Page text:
, Volume 189, Issue 3, pp 451-481
Date: 24 May 2012

Function, selection, and construction in the brain

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Abstract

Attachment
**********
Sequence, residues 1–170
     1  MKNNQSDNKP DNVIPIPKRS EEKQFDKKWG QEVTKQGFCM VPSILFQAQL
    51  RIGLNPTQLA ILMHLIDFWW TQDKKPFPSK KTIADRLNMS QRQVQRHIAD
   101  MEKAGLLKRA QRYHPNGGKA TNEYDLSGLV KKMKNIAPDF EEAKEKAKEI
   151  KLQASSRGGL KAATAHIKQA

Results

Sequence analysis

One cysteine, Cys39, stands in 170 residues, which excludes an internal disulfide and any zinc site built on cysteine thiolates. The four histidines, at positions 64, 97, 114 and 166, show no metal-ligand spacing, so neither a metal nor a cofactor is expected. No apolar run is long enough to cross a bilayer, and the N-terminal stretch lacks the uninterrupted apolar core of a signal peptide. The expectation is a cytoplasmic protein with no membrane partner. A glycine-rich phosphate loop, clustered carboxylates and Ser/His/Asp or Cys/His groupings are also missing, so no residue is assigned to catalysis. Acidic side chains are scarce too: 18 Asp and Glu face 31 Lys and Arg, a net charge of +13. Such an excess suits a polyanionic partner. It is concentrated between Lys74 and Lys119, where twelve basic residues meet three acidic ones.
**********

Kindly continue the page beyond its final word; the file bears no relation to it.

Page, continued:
A common misunderstanding of the selected effects theory of function is that natural selection operating over an evolutionary time scale is the only function-bestowing process in the natural world. This construal of the selected effects theory conflicts with the existence and ubiquity of neurobiological functions that are evolutionary novel, such as structures underlying reading ability. This conflict has suggested to some that, while the selected effects theory may be relevant to some areas of evolutionary biology, its relevance to neuroscience is marginal. This line of reasoning, however, neglects the fact that synapses, entire neurons, and potentially groups of neurons can undergo a type of selection analogous to natural selection operating over an evolutionary time scale. In the following, I argue that neural selection should be construed, by the selected effect theorist, as a distinct type of function-bestowing process in addition to natural selection. After explicating a generalized selected effects theory of function and distinguishing it from similar attempts to extend the selected effects theory, I do four things. First, I show how it allows one to identify neural selection as a distinct function-bestowing process, in contrast to other forms of neural structure formation such as neural construction. Second, I defend the view from one major criticism, and in so doing I clarify the content of the view. Third, I examine drug addiction to show the potential relevance of neural selection to neuroscientific and psychological research. Finally, I endorse a modest pluralism of function concepts within biology.